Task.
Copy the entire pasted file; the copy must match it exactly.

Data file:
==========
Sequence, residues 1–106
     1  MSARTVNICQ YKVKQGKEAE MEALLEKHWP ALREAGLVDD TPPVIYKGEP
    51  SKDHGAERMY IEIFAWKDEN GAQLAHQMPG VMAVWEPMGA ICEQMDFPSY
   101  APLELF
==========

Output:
Sequence, residues 1–106
     1  MSARTVNICQ YKVKQGKEAE MEALLEKHWP ALREAGLVDD TPPVIYKGEP
    51  SKDHGAERMY IEIFAWKDEN GAQLAHQMPG VMAVWEPMGA ICEQMDFPSY
   101  APLELF